Financial advisers who explore family dynamics and look for potential obstacles to intergenerational planning will come out ahead of the competition, according to a communications expert.
Learning about relationships between siblings and other relatives by asking questions and listening carefully to how the client, children and others respond can help uncover and settle contentious issues before they erupt, said Ellen Eichelbaum, a gerontology consultant.
Advisers should be looking for sibling rivalry, evidence that a parent favors a particular child and other disharmony within the family structure, she said. Also, watch for an adult child who may be resentful of being the most depended on for care or which child may be financially motivated to participate in the planning process.
Advisers should speak to older clients without their children, Ms. Eichelbaum said, if they expect to garner honest answers to questions like, “Is it OK for me to share copies of your financial statements with all of your children?”
“You would be the best financial adviser in the world if you ask the right questions,” Ms. Eichelbaum said in an interview. “You would get the client, as well as their children after they see that you've taken good care of their mother.”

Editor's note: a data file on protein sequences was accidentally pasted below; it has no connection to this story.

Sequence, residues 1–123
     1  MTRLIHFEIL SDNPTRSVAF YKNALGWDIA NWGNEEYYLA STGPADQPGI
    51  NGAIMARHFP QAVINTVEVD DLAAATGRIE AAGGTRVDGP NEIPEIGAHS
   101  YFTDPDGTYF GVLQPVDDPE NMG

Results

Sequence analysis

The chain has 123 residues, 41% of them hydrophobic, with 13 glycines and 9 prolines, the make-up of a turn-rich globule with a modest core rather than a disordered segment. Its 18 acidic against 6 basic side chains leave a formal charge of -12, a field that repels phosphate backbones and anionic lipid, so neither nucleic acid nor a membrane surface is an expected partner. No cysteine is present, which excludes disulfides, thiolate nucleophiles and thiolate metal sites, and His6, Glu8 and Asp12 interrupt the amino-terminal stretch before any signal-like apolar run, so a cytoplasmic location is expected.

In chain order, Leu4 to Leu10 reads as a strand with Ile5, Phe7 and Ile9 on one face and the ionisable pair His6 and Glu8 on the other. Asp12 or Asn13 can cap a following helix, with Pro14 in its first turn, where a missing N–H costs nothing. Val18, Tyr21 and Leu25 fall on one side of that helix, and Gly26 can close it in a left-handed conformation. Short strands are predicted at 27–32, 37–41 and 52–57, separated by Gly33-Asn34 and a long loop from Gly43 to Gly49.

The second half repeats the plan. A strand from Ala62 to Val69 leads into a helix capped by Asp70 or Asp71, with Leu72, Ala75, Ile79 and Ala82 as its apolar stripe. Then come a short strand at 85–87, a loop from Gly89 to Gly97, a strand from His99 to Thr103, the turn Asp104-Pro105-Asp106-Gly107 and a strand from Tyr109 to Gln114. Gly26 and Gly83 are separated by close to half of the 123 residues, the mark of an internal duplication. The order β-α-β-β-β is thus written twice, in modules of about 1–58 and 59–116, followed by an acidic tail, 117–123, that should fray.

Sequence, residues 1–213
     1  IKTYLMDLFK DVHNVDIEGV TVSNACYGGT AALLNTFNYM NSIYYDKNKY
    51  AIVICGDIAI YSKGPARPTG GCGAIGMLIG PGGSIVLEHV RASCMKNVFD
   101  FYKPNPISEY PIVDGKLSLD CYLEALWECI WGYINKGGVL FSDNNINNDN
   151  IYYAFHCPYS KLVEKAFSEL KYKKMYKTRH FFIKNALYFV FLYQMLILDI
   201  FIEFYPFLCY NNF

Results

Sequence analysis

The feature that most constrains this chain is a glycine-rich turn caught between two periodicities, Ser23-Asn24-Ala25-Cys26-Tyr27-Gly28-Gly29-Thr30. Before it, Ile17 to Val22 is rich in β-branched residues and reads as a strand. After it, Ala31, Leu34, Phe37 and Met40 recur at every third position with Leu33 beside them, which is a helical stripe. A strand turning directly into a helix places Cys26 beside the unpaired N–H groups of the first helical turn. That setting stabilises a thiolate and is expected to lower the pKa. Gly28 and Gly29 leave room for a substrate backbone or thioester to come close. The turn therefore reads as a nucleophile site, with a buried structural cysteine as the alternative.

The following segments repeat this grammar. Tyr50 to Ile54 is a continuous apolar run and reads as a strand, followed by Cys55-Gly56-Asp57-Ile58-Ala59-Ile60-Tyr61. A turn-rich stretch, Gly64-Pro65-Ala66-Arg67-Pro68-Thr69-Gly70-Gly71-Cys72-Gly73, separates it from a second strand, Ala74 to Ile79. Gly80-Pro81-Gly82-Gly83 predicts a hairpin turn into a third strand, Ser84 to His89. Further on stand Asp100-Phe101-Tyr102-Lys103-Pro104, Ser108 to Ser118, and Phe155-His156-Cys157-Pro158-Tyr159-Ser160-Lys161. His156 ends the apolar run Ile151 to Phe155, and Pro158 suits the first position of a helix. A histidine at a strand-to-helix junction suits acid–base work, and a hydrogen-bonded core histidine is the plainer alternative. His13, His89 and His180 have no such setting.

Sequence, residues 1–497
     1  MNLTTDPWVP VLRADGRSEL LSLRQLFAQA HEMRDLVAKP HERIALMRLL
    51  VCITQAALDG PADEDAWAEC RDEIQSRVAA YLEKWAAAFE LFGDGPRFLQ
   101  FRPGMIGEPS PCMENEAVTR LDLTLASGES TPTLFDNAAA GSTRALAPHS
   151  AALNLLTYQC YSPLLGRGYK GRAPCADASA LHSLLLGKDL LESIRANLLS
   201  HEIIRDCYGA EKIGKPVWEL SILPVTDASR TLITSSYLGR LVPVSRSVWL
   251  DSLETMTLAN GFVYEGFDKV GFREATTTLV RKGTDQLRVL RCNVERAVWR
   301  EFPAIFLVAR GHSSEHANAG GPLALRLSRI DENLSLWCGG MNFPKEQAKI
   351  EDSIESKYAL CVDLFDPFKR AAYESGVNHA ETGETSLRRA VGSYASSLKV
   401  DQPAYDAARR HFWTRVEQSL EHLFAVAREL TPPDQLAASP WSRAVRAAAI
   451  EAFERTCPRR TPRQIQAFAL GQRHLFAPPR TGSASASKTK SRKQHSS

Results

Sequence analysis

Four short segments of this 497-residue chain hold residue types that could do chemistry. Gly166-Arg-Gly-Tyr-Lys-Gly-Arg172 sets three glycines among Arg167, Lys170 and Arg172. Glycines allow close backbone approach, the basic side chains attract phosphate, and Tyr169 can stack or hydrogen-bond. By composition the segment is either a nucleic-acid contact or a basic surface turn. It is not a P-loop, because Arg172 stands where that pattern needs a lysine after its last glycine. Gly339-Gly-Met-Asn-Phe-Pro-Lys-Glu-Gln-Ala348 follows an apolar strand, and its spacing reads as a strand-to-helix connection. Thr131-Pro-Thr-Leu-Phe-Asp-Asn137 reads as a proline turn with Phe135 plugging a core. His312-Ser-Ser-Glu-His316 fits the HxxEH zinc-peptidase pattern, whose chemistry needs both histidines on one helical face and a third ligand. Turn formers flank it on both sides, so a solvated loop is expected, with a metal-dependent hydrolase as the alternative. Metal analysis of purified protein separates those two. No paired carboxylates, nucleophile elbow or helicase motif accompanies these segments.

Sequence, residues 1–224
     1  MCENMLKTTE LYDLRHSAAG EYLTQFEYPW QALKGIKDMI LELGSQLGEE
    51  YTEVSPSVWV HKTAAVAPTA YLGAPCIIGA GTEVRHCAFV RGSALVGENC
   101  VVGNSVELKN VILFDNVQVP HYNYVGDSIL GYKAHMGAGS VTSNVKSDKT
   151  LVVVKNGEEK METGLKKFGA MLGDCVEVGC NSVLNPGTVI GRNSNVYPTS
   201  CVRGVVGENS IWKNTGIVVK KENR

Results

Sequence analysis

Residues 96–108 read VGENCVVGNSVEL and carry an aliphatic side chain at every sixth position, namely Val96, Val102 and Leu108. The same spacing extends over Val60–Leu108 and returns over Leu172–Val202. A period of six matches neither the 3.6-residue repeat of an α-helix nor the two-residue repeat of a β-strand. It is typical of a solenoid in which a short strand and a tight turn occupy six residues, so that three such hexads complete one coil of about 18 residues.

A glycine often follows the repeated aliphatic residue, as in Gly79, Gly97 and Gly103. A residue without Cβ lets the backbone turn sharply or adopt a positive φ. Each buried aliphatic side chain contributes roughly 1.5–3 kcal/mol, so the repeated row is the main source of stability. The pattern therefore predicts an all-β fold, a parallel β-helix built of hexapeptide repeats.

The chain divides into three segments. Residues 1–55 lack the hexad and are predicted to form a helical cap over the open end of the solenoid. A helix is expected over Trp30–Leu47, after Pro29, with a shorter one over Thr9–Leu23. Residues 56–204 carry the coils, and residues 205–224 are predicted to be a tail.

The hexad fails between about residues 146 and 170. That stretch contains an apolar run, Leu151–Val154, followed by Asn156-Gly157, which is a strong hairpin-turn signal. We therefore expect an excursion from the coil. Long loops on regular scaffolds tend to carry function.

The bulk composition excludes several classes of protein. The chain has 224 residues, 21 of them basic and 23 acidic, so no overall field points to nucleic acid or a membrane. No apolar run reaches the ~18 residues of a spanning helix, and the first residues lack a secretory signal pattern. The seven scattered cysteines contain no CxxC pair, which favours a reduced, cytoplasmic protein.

Many financial planning firms struggle with how to keep assets under management when their older clients die. About 86% of heirs in global family offices plan to hire a new adviser once they inherit their wealth, according to research by accounting firm Rothstein Kass.
Advisers would be wise to ask clients who come with one of their children about why the others didn't come, as well. Listen for troubling cues from siblings in response to that question and follow-up inquiries such as, “Is it OK if I call your brother?” she said.
“The more the adviser knows about the depth of the person and their family, the more they can deal with the intergenerational issues that come up with money,” Ms. Eichelbaum said.
The challenges can be even more difficult with large families.
“The more siblings you have, the more probability of dysfunction,” she said.
Financial adviser Steve Stanganelli of Clear View Wealth Advisors LLC said the important dynamics of families typically come out over time, though the right questions can speed up that understanding.
One thing he typically asks clients is whether there are people that the client believes he or she may have to become financially responsible for at some point. Those answers can highlight different important relationships, such as a sister with a drug addiction or brother who increasingly resents having to take care of an elderly parent.
“I try my best to ask probing questions to get a better understanding of what makes the client tick,” Mr. Stanganelli said.